We all come back for it, me and Andy and Markus and them. Even Chris, sometimes, like when the Olson kids played for Paul and Lynn and even Andy sang a little and New York didn’t seem so far away from Port Orchard. We come for the music under the apple tree, and the view of the water and the tiny downtown and the fireworks once it’s dark enough, and for the brick-patio-sometimes-turned-dancefloor, depending on the year, tucked against the house where you make bobbing circles with Grandma Nestby and the Bulthuis nieces and Kurtis who’s always drunk and high and perfect. It’s like wedding dancing, but with more red and blue to balance out the white. We’ve had twenty-five years of this? Thirty? The twinkle lights in the apple tree started not too long ago, maybe four or five or ten years, and some of the people are new, too, but I see my old pastor here, and the family who owns the pizza place, and Joe who helped with youth group and led my small group, and I remember being known.
“I brought my boyfriend to perform with me this time because he’s super talented and can play anything, but I’m just gonna sing because I’m lame and don’t play guitar.” She doesn’t wear shoes. Maroon knee socks and thrift-store shorts, and I imagine a place for her in my own high school class. Choir? One of the pre-hipsters lost in small-town Washington? Weird kid? “I wrote two of my own songs this year and one’s angsty because I’m a teenager, but one’s sweeter so I’ll start with the angsty one and end with the sweeter one because you guys aren’t all angsty teenagers and yeah.”
Her music competes with years apart, and I find myself telling Mrs. Bulthuis about my new job during the sweeter song. I hear about their remodel, a new bathroom in the house where I learned to play Risk and Settlers and watched The Matrix for the first time, and I realize I haven’t seen the house in a year, or maybe two. The sweeter song ends and we keep talking while someone else sings something from a musical, but we’re still a better audience than we’d be for Joni Mitchell or John Denver. Tonight, we’d rather hear their songs through voices we know.
There’s a whole world here: church friends planted between the offering and the sermon and cultivated in parking lots and potlucks, teachers who graded misspelled essays and coached us on the move from junior high to high school, parents who let us build campfires on their beach and sleep on wrestling mats in their garage. The rope swing still hangs by the pickleball court, and new children play there, the same games Andy and I played, maybe, leading them in laps around the house and into the small corners of the yard I stopped seeing long ago.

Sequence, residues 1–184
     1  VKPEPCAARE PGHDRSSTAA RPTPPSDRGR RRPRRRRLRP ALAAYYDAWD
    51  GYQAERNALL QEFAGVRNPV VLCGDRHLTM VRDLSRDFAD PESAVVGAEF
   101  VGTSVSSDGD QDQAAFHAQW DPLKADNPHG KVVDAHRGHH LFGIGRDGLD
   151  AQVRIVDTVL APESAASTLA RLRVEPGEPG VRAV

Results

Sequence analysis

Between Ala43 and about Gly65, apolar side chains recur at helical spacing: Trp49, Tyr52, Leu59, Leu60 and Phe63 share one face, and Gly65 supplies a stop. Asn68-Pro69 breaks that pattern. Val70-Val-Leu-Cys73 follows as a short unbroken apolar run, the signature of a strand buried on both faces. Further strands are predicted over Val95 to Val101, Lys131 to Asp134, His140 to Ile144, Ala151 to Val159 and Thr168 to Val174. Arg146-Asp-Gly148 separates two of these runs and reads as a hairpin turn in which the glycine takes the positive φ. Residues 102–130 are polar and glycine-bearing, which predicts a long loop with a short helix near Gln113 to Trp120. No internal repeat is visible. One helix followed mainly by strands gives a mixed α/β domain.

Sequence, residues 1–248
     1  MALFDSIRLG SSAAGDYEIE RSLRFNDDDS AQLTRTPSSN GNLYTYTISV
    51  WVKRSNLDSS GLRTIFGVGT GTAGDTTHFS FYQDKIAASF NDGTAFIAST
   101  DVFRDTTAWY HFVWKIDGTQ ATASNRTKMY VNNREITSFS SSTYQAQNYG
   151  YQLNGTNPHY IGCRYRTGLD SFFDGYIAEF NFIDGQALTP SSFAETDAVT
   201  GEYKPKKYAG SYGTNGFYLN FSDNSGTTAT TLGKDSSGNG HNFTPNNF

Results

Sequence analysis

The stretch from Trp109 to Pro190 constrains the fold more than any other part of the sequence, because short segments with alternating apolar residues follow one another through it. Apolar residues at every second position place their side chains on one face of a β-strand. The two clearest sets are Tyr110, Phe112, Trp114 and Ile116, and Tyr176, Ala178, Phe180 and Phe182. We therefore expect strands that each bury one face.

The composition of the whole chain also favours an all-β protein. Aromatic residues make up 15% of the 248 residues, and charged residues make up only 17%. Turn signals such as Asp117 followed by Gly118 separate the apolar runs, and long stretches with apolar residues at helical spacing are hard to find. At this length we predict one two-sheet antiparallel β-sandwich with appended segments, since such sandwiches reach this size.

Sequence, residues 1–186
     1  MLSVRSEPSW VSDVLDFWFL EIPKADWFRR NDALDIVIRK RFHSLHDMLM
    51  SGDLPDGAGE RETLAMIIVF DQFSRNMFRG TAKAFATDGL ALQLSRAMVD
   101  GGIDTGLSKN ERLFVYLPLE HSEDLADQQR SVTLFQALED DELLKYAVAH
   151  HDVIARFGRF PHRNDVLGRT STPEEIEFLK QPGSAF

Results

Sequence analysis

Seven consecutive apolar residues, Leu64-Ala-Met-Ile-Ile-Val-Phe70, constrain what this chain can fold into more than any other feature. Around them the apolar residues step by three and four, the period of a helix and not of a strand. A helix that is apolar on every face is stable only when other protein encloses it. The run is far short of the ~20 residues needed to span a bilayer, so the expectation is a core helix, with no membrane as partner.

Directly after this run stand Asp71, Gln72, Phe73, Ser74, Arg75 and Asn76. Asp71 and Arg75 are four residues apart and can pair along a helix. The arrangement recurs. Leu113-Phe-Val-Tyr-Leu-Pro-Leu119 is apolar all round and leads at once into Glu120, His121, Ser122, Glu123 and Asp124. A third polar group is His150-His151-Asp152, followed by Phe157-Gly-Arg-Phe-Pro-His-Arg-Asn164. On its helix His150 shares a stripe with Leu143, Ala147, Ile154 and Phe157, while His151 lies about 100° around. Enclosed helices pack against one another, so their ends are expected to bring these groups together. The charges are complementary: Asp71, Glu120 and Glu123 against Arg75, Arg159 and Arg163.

“Do you remember that Risk game we played on the train?” Harrison stops me on my way from the cooler. “You killed Nick—well, pretty much—and Christina finished him off—”
“We made him wear that I lost to a girl shirt!”
My memories have texture here. They get bigger, and I can feel them, and I discover who I used to be.
“You should stop by the church next time you come back,” Joe tells me. “We knocked out a wall in the youth room and fixed up the kitchen.”
“Are you still leading a small group?”
“That was a special group of guys we had. You, and Mitch, and Ryan,” and we dredge up names I haven’t said since high school. “I’d like to get another group started,” Joe says, “but you need guys who can get serious with it.”
The apple tree shines, and someone puts on Springsteen before the fireworks start. New girlfriends, new jobs, new lives. Missy is pregnant, and Markus is married, and Micah owns a house. Someone’s kids wrestle on the lawn in front of me, as blond and grass-stained as I used to be. I don’t recognize them. Bob, my old AWANA game leader, doesn’t recognize me.
Friendships measured in decades cluster around the firepit and the heat lamp, and we watch a few early fireworks spurt up like buttercups. Someone plays God Bless the USA through the speakers, and a smoking dandelion blooms. I should get home soon. Drive back, sleep, and drive to work. Markus and Micah have already left. We can’t afford to keep pretending.
“I wish I could see fireworks like they do.” Emily nods to the kids.
“I know. I forget to pay attention most of the time.”
One of the girls stops wrestling and clings to a passing dog. She rubs her face into his fur and coos his name like a song.
“Can you imagine? What are those loud lights? Why do people do this? They’re seeing this for the first time.”